Our circadian rhythm is one of the most important drivers of our physical and mental health. Although getting enough sleep is crucial to keeping a well-regulated internal clock, on its own, it is not enough. Daily exposure to bright light is also a piece of the puzzle. A new study suggests that this effect on internal clocks may have even more far-reaching health effects, finding that intense light protects heart health.
Heart Disease: A Growing Killer
Heart disease is one of the fastest-growing causes of death in the developed world. In the US, it is the most common cause of death for both men and women, causing one out of every four deaths. As a result, scientific researchers are constantly looking for new ways to prevent and treat this disease.
Although there are many known contributors to heart disease, such as diet and lack of exercise, our circadian rhythm also appears to play a role. Having a dysregulated circadian rhythm can increase your risk of heart attack and stroke, with particularly serious effects on the hearts of men. Shift workers appear to be at especially high risk, often suffering from high blood pressure, high cholesterol and other disorders that increase their chances of death from heart disease.
New Study Finds Intense Light Protects Heart Health
If the circadian rhythm is important to heart health and light is important to the circadian rhythm, it makes sense that light can positively affect heart health. Researchers at the University of Colorado set out to confirm this hypothesis. Scientists took mice that had suffered from a heart attack. One group was exposed to intense light for a specific time period every day while the other was not. After just a week of this treatment, the mice who received the light exposure had better outcomes including improved healing and fewer long-lasting effects.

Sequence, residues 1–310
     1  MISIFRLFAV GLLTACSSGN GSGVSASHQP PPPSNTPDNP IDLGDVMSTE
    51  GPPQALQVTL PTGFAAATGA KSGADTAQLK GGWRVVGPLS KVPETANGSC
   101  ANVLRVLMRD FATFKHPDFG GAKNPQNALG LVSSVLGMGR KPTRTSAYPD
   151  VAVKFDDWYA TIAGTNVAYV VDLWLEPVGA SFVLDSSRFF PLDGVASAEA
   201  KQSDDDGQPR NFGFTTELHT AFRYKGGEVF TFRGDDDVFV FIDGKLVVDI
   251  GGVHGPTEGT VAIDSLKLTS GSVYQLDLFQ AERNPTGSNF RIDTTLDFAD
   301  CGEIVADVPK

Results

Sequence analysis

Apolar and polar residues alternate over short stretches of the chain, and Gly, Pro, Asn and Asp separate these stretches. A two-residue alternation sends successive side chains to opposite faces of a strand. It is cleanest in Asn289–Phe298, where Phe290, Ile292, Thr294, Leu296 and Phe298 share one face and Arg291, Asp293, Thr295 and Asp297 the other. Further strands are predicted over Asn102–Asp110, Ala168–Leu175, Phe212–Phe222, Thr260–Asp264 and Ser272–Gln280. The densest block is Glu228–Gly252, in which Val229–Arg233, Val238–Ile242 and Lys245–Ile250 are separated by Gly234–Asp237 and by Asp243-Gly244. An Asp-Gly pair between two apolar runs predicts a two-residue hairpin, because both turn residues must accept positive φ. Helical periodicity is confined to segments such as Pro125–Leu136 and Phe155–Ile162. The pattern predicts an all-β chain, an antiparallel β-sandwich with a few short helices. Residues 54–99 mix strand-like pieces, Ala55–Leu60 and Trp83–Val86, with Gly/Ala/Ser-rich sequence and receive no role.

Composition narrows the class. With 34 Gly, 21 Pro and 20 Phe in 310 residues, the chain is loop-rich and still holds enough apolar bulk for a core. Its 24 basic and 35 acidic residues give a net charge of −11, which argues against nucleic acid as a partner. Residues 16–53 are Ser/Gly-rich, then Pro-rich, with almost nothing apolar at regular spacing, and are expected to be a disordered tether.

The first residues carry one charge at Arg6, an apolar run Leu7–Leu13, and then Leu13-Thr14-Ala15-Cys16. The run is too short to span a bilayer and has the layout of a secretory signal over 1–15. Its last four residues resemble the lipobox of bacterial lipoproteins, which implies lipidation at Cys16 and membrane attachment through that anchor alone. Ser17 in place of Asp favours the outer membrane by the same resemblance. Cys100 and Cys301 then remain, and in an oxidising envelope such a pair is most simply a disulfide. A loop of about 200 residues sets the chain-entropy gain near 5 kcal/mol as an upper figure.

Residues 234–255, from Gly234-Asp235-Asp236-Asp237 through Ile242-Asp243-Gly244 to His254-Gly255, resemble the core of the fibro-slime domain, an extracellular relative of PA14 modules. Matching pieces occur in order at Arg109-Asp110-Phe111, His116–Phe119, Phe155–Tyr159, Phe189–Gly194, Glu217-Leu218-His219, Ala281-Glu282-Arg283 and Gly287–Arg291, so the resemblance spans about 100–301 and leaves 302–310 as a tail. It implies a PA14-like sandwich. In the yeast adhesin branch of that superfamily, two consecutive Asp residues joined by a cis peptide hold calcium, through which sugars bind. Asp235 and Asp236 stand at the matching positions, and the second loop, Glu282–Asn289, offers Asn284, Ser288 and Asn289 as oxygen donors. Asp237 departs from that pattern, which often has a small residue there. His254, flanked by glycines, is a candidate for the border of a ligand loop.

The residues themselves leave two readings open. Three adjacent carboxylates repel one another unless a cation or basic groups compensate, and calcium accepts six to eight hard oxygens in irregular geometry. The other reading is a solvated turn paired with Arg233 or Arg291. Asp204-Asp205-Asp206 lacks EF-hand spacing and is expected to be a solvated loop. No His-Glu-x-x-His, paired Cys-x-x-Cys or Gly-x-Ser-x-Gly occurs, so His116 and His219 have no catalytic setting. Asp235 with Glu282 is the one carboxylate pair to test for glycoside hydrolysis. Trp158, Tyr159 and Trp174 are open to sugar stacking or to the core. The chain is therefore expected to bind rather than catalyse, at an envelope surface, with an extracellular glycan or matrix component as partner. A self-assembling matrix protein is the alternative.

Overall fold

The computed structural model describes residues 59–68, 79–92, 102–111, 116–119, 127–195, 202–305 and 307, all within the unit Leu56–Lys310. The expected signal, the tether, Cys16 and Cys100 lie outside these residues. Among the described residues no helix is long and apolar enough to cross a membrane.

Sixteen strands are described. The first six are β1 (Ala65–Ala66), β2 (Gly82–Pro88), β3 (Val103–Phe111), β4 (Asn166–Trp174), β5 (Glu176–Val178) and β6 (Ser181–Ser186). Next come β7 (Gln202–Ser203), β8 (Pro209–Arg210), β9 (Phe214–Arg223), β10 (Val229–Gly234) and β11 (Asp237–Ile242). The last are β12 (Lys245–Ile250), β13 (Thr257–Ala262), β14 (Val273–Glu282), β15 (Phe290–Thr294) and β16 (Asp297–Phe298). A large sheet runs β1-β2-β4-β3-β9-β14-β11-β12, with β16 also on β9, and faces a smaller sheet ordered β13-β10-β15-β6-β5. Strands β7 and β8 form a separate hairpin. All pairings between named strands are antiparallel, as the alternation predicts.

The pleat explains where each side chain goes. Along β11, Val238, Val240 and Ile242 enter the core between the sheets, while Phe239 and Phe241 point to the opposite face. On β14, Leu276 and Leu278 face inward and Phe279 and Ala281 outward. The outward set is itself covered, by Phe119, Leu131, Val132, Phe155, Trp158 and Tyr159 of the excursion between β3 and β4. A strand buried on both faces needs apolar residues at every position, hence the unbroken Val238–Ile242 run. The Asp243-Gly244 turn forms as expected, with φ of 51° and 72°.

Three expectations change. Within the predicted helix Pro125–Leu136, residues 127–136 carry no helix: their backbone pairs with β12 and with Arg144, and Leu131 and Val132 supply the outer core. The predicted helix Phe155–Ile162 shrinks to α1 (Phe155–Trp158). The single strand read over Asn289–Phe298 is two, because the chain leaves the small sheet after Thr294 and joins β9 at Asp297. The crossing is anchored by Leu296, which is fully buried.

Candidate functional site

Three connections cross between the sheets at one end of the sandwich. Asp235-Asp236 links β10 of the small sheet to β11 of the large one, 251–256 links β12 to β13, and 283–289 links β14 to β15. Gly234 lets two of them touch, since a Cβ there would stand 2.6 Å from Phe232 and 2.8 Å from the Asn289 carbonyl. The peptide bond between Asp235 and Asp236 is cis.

This effect was not just seen in mice. After seeing the effects on rodents, researchers took a group of human volunteers and exposed them to 10,000 lumens of bright light every day for five days. Their blood work showed that they were experiencing many of the same positive changes seen in mice.
How can bright light have this type of effect on heart health? The answer appears to lie in the actions of a circadian rhythm gene known to scientists as PER2.
How Light Affects the Cardiovascular System
PER2 is a gene that is expressed in the brain on a strict circadian schedule. When this gene is activated, it stimulates cells to produce certain proteins, particularly ones involved in tissue repair. Exposure to bright light appears to dramatically increase the action of this gene.
When this gene is stimulated with bright light, the tissues of the heart are flooded with cardiac adenosine, a biochemical that regulates blood flow. The cells of the heart are less likely to experience long-term damage from the lack of oxygen caused by heart attacks and other cardiac events. In addition, the metabolism speeds up slightly, allowing for faster healing.
Researchers note that the intensity of light appears to matter more than the duration of the exposure. The mice in this experience were given just 30 minutes a day of the light therapy. Thus, people in darker Northern climates may be able to reduce their heart attack risk with a powerful lamp even if they do not have access to long periods of bright light every day.
People who have had heart attacks are placed on special diets and a long list of medications, all of which have been shown to reduce their risk of future complications. This new research hints that soon, daily exposure to bright light may be part of this regimen.
Lifestyle Choices to Prevent Heart Disease
Although there are many innovative new treatments for heart disease, prevention is always the best cure. In addition to getting plenty of bright light every day, there are several things you can do to reduce your heart disease risk:
- Eat a healthy diet, with plenty of healthy unsaturated oils, plant-based foods, and low sodium.
- Get exercise every day, including strenuous exercise several times a week.
- Make time for seven to nine hours of sleep every night.
- Keep a healthy weight.
- Avoid alcohol, tobacco and other substances that have been shown to damage the tissues of the heart.
- Manage your stress, taking the time needed to maintain good mental health and low stress levels.
- Treat your cholesterol levels and blood pressure if these are high.
Heart disease remains a top cause of death throughout the developed world. Although there is no way to guarantee you will always have a healthy heart, there are many natural ways to increase your chances of living a long and healthy life.